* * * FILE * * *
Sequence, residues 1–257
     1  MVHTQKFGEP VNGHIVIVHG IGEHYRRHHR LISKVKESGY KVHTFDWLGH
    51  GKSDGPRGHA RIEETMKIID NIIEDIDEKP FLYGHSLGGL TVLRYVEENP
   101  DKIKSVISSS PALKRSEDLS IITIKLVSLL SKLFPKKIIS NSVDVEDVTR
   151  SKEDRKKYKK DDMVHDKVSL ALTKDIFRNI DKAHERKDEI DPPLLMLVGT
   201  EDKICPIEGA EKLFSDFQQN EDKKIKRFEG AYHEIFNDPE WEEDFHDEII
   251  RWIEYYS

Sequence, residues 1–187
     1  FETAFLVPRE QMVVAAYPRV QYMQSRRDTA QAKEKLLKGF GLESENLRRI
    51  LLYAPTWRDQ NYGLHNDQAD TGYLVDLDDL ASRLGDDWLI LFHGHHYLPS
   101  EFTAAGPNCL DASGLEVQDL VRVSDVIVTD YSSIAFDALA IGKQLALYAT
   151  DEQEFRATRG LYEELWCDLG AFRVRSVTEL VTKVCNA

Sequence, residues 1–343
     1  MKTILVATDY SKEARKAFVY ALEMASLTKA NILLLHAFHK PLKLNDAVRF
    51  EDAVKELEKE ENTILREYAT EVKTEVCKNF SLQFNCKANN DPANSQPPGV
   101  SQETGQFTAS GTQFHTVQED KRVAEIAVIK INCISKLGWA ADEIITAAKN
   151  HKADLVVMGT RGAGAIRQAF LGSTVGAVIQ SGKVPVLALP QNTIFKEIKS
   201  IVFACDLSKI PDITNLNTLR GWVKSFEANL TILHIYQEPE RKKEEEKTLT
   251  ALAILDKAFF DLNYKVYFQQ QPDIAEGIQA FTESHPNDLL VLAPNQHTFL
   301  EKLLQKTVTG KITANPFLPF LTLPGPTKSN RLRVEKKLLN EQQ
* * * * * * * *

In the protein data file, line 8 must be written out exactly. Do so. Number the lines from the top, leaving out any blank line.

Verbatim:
Sequence, residues 1–187